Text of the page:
Emily

    • kageeh

      I once heard a judge pronounce the death penalty by execution on a criminal duly convicted by a jury. It’s language is boilerplate but the last line always is “May God have mercy on your soul”. It gave me chills then and it still does.

  10. Melissa Knox

    I haven’t commented for a long time, but felt compelled to do so with this blog. Your words made me ponder having to deal with a situation, no matter the cause, to end a pattern of dangerous behavior toward self or others. Reminds me of a rabid animal. No matter how blamelessly it contracted the disease, it is still rabid and a great threat to others and must be stopped. Mercy, though violent, is shown by putting it down.

  11. Lisa N.

    Talk about a well-acted episode! IMHO, Ed Speelers absolutely nailed the character of Stephen Bonnet. I had only seen him in Downton Abbey, and he was lovely. However, in Outlander, he brought every bit of Bonnet’s psychological and pathological personality to the fore. Roger finally kicked the $%#& out of him, and Bree got satisfaction — mercy or vengeance? A little bit of both, in the show anyway — and I don’t mind it. Mercy, surely. Bonnet was a wounded soul, beyond return to anything good — although he touched on it. Got close. But after he turned on her again and all Brianna endured at his hands, if there was a bit of vengeance mixed in, who could blame her? I’m okay with that. Thanks, Beth!

  12. Cynthia

    At his heart, I believe Bonnet was a grade-A sociopath. Whether he had been raised right or not he may have never had empathy. We all know people who have been raised in less than ideal circumstances but who rise above it and become not only good members of society but also kind human beings. I doubt that would have ever happened to Bonnet because he was probably broken to begin with – and growing up the way he did only cemented his sociopathy. He was charming in the books and in the series – look at how he charmed Jamie, who is no gullible innocent, into not turning him into the authorities during book 4/season 4 – and how he repaid them all on the river. And we know he was involved in all sorts of criminal activities when he wasn’t bedeviling the Frasers and MacKenzies. His apparent sincerity in talking about all of this to Bree couldn’t last. He was playing a role – but it was never going to become his way of life as he was simply incapable of it. Ed Speleers did a bang-up job as Bonnet but I’m really glad that storyline has run its course. This is one time I’m actually glad the book timeline was ignored – otherwise, we would have had to endure Bonnet for another season.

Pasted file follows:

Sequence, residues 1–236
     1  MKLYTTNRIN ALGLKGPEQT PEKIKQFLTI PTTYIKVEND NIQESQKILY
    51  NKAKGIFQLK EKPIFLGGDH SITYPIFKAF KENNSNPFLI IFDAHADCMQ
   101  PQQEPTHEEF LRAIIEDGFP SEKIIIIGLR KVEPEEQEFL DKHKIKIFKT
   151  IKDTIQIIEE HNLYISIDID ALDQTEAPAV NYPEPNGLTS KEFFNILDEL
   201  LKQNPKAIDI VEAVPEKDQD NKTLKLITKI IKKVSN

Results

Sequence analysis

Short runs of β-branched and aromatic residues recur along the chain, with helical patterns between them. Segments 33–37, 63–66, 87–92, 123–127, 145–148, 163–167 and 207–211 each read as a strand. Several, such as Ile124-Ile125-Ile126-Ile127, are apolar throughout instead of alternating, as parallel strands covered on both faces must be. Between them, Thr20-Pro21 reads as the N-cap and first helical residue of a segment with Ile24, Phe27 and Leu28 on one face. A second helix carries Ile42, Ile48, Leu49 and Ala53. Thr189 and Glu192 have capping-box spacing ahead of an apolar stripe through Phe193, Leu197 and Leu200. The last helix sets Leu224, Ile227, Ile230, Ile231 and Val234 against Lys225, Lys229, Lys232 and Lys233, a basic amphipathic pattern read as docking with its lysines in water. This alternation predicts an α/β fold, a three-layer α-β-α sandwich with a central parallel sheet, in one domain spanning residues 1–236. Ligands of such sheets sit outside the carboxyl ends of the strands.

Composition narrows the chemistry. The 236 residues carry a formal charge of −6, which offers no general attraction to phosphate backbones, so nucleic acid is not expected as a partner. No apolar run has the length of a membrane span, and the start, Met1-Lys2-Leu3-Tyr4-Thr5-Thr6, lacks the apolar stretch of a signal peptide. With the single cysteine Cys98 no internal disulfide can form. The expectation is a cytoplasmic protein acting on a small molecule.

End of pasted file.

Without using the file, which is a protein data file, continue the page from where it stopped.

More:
13. Brianna and Bonnet together and Bonnet trying to be a ‘good man’, made me think of Clair and BJR in S01, when Claire was captured and they were sitting on the table talking. BJR seemed so vulnarable, just like Steven Bonnet now. I was constantly waiting for him to show his real face, just like BJR did to Claire. Scary!